Antich tries to create space between a physicalist reductionism and a theory of knowledge merely internal to the space of reason and disconnected from our experience. He therefore encompasses various phenomena, towards physical or gestalt effects susceptible of a purely physical explanation, but also mental representations and judgments whose origin in experience he tries to understand. But there is much debate about the relevance of avoiding at all costs a reductionist approach of gestalt effects which would describe them as a purely physical process. One phenomenon gives rise to another, not through objective causation, but through “the sense it offers”, says Merleau-Ponty (PhP, 51). But is it not possible to explain illusions or gestalt effects in terms of spatial and temporal contiguity or of an impact of light, textures, and distances on our perceptual system? On the other hand, cognitive « motives » such as reinterpretation of an ambiguous perception, or groundings for our action (for instance a travel we begin because our friend just died) could be given a comprehensive justification in terms of reasons. If there is a retroaction which transforms the whole, it seems to be purely internal to my decision process and my approach of the event: it does not define the intrinsic meaning of my friend’s death, which can be interpreted in many other ways by his other friends or his family, and it does not affect the existence of the event itself. According to Merleau-Ponty, the reinterpretation of the motive in light of the motivatum makes us forget the actual event. But this amounts to admitting that it is our intentionality that has changed, our beliefs or our memories, but not reality itself.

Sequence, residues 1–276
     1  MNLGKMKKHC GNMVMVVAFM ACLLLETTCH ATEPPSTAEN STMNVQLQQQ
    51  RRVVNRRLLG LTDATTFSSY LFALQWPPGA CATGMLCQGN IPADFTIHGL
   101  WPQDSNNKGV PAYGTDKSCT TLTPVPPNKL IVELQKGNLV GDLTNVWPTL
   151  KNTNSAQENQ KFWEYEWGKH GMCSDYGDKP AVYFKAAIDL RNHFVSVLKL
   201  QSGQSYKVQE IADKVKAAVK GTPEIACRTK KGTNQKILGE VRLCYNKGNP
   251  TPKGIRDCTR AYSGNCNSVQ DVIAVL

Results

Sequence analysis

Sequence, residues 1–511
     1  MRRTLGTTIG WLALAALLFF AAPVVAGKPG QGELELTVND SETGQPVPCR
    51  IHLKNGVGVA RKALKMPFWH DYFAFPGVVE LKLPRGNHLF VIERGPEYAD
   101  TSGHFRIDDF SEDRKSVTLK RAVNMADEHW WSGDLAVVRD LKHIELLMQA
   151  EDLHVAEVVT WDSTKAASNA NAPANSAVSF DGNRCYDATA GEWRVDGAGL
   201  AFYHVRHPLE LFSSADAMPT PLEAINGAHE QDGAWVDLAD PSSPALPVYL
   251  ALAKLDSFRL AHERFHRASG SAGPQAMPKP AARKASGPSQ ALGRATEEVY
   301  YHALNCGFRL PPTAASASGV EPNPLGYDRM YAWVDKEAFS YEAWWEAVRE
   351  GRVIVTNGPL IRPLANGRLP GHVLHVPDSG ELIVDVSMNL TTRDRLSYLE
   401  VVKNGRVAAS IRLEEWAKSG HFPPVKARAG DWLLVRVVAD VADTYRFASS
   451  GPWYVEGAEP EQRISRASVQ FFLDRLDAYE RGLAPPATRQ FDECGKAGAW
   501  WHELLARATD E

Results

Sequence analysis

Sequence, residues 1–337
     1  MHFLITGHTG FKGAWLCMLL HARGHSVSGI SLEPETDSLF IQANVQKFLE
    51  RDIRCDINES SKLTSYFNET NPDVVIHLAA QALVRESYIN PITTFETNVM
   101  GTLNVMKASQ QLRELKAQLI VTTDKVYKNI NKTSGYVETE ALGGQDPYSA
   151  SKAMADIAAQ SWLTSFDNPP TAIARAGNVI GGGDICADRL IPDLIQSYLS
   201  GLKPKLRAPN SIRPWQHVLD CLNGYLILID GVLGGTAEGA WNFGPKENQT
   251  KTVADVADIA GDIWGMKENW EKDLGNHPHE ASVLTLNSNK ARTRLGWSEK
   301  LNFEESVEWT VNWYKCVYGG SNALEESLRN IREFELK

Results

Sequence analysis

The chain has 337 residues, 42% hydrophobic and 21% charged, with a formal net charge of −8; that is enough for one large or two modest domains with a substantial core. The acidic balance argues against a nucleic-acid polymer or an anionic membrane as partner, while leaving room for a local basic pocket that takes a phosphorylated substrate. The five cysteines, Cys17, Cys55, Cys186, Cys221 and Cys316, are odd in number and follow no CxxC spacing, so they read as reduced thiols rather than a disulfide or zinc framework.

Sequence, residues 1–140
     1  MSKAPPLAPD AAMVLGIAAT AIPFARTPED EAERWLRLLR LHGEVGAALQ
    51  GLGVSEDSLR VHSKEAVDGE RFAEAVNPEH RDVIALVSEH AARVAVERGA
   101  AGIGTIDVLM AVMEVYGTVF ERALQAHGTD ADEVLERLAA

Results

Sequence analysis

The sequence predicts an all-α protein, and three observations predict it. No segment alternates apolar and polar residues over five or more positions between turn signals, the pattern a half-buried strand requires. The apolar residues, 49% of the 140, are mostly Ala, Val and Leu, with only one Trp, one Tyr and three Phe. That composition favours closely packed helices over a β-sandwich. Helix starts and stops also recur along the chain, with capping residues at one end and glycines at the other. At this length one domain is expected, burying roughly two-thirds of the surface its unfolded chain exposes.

Of course, this continuity seems to be helpful to understand how our knowledge could be grounded in experience: if we consider that gestalt effects are already normative and have meanings, though they are not conscious and voluntary, it could explain how our judgments are also normed in ways we do not control in order to follow the truth. But are these norms exactly the same?
Any activity can be good or bad, depending on whether it fulfills its conscious purpose or not. We can thus say that perceptive activity contains norms of satisfaction: in certain situations, I see badly, because of the distance, an obstacle, or shortcomings in my body, and if I want to perceive, I have to move backwards or forwards, remove the obstacle, or put on glasses. We know this without thinking about it because we are already “experts” in perception (see H. Dreyfus et C. Taylor, Retrieving Realism, 2015). This habit of perception invites us to make anticipations and to see the world continuously, without contradiction between the data of the different sensitive organs or between different moments of experience. In the sense that it has standards of success or failure, perception is normative, which has already been commented on a lot. But are these not descriptive rather than normative features? And if this normativity is the same for perception as for any action that our body considers pragmatically successful or unsuccessful, can it have an epistemic force to guarantee true knowledge? If “seeing well” consists in succeeding in satisfying a practical need to operate within the perceptual scene, can we ever draw from perception a normativity that would concern “true seeing”?
Antich himself is careful to distinguish norms about true judgments (reasons) and perceptive norms which motivate beliefs, when he tries to avoid a reductionist approach which would consider motives as implicit reasons. But then, he faces two difficulties: are motives indeed different from reasons? And if they are, how is their normativity related to the one in the space of reasons, and how can we bridge the gap between motivation in experience and reasons justifying knowledge? It may seem easier, to answer the second issue, to say that there is a continuum between explicit and implicit reasons, as is suggested by Merleau-Ponty himself: sometimes, “motivation” seems to mean the incorporated rules we possess as reason to act or believe in a certain way even if we are not aware of reasoning anymore. It would help in avoiding to disconnect reasons from experience and invent a purely idealistic realm, because reasons are rarely as pure and different from perceptual motives as one might think.